The dismantling of the Veazie Dam will help give 11 species of fish better access to 1,000 miles of spawning habitat.
by Jess Bidgood
EDDINGTON, Me. â There is a bend in the Penobscot River here, embanked by an Indian burial ground, through which millions of fish used to make a strenuous journey upstream to spawn before returning to the sea. There were elegant Atlantic salmon, prehistoric-looking sturgeon and, most numerous of all, lowly river herring, a nutrient-rich forage fish prized by ground fish, bears and birds.
But over the centuries, dams on the river and pollution from paper mills have helped wither the sea runs. Atlantic salmon here are endangered now. Over time, the number of river herring running up the river dropped from as many as 20 million, according to some historical estimates, to an all-time low of 54 â that is 54 individual fish â counted at the Veazie Dam here in 2012.
So it was a relief for scores of conservationists, government officials and anglers when two pieces of construction equipment methodically began dismantling the Veazie Dam this week. It is a decade-long, $60 million effort that, in combination with two other major river restoration projects on the Penobscot, will give 11 species of fish, including river herring and Atlantic salmon, better access to 1,000 miles of spawning habitat for the first time in two centuries.
“I can’t think of another river restoration project in our lifetime that is opening up this much habitat to these many species,” said Josh Royte, a senior conservation planner for the Maine chapter of the Nature Conservancy, adding that, for river herring, the benefit is likely to be high several fish generations from now. “There could be billions of fish arriving where today there are very few.”
The dam removal, which was led by the Penobscot River Restoration Trust working with private, state and federal partners, is a major effort in a series of recent dam breaches and river restoration projects. Dams â even those with elevators or ladders intended to help fish over them â can inhibit passage for fish, exacerbate dangers from predators that cluster nearby, and raise water temperature, threatening fish accustomed to cooler waters. The National Oceanic and Atmospheric Administration is financing 37 dam and fish passage projects (it gave $21 million to the Veazie project) from Maine to Virginia.
“It’s a very deliberate, methodical strategy that we have to go after and remove as many of these dams as is feasible,” said John Catena, the northeast regional supervisor for NOAA’s Restoration Center.
River herring, which is actually a term that encompasses two species, alewives and blueback herring, are a primary target of the effort. They are small and oily fish, rarely eaten by humans but critical as an ecological building block because they are consumed by birds and land mammals as well as larger (and more lucrative for fishermen) fish like cod and lobster.
“My job would be a lot easier if we knew how to make fish,” said John K. Bullard, the regional director for NOAA who manages the ailing commercial fisheries. “This is how we make fish.”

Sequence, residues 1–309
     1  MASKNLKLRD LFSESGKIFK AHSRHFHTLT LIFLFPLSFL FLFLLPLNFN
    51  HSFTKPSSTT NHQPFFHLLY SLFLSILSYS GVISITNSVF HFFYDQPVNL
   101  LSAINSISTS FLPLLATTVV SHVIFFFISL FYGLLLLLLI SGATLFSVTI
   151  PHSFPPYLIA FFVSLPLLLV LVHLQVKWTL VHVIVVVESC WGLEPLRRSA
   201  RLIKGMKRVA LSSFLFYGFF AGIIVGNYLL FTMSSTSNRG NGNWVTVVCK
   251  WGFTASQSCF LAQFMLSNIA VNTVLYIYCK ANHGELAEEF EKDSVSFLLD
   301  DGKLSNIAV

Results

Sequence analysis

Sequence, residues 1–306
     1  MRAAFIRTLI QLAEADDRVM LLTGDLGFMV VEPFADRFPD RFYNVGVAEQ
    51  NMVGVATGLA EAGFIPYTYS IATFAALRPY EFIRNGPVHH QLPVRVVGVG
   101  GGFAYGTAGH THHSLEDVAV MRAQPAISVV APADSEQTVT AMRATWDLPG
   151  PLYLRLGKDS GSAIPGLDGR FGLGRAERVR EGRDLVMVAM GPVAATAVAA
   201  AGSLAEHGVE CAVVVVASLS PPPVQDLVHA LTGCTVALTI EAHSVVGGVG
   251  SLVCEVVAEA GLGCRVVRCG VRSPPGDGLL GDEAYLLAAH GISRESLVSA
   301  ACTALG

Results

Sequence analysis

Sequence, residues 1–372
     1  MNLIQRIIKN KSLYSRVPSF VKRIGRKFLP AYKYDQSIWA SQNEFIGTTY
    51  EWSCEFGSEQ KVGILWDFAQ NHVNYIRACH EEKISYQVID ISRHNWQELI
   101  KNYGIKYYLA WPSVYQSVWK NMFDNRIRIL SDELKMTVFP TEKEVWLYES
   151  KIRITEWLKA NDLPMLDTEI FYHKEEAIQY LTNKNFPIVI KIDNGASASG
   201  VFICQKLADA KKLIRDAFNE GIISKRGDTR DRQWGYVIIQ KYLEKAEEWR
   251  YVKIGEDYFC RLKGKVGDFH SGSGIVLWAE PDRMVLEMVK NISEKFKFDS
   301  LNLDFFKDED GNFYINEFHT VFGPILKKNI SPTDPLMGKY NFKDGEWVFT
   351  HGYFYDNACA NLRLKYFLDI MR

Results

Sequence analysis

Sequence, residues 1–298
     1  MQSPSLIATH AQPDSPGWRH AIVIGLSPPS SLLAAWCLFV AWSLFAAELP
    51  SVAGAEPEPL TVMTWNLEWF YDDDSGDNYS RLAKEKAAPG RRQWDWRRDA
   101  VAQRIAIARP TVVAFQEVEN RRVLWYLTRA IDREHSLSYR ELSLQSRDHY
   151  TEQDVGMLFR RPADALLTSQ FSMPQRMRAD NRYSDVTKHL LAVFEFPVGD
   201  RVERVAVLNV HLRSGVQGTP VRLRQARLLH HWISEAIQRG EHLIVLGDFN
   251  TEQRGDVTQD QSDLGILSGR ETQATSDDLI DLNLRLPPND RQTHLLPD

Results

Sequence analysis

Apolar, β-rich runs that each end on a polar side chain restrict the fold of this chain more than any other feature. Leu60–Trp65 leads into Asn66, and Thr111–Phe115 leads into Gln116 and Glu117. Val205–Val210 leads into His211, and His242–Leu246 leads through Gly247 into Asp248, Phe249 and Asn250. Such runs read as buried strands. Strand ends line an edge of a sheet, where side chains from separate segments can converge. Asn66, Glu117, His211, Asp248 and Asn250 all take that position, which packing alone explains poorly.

Since the 1999 breach of its Edwards Dam, the Kennebec River has seen river herring runs more than two million fish strong, and many river-watchers hope that will foreshadow what can happen here. “The potential here is much bigger,” said Laura Rose Day, the executive director of the Penobscot River Restoration Trust, which says the river could eventually see runs of four million to six million river herring.
The ultimate success of the population will be contingent on what happens to them during their time in the ocean, which no one here can control. And they will also need access to the lakes where they like to spawn â some of which have small dams and human neighbors who might be resistant to river herring populations, which have an erroneous reputation for being invasive.
“You’ve got the dams out, which is a huge chunk of the issue â now we need to get access into the lakes,” said Karen Wilson, an assistant research professor at the University of Southern Maine. “People are working on that, but it’s going to take more money and more support from the public.”
And if river herring do rebound here, they could help the endangered Atlantic salmon do the same, because an abundance of river herring helps shield salmon from predators. In the late 1800s, fishermen commercially harvested 100,000 salmon from these waters, but no one is allowed to fish for them here anymore. The Trust said 372 Atlantic salmon had been counted at the dam this year; its removal could eventually help that number grow to 12,000.
“It’s exciting, the fact that salmon can potentially get back,” said Mathias Deming, 15, of Winthrop, Me., who was listening to tales from group of older anglers after Monday’s dam breach.
Chief Kirk Francis of the Penobscot Indian Nation, said some members of his tribe had made new fish spears in the hopes that they might soon be able to fish for salmon for the first time since 1985, resurrecting tribal practices.
“I think we’ll come back to a balance, where the river is doing well,” he said. “It’s historic when a lot of people have lived and died seeing its demise.”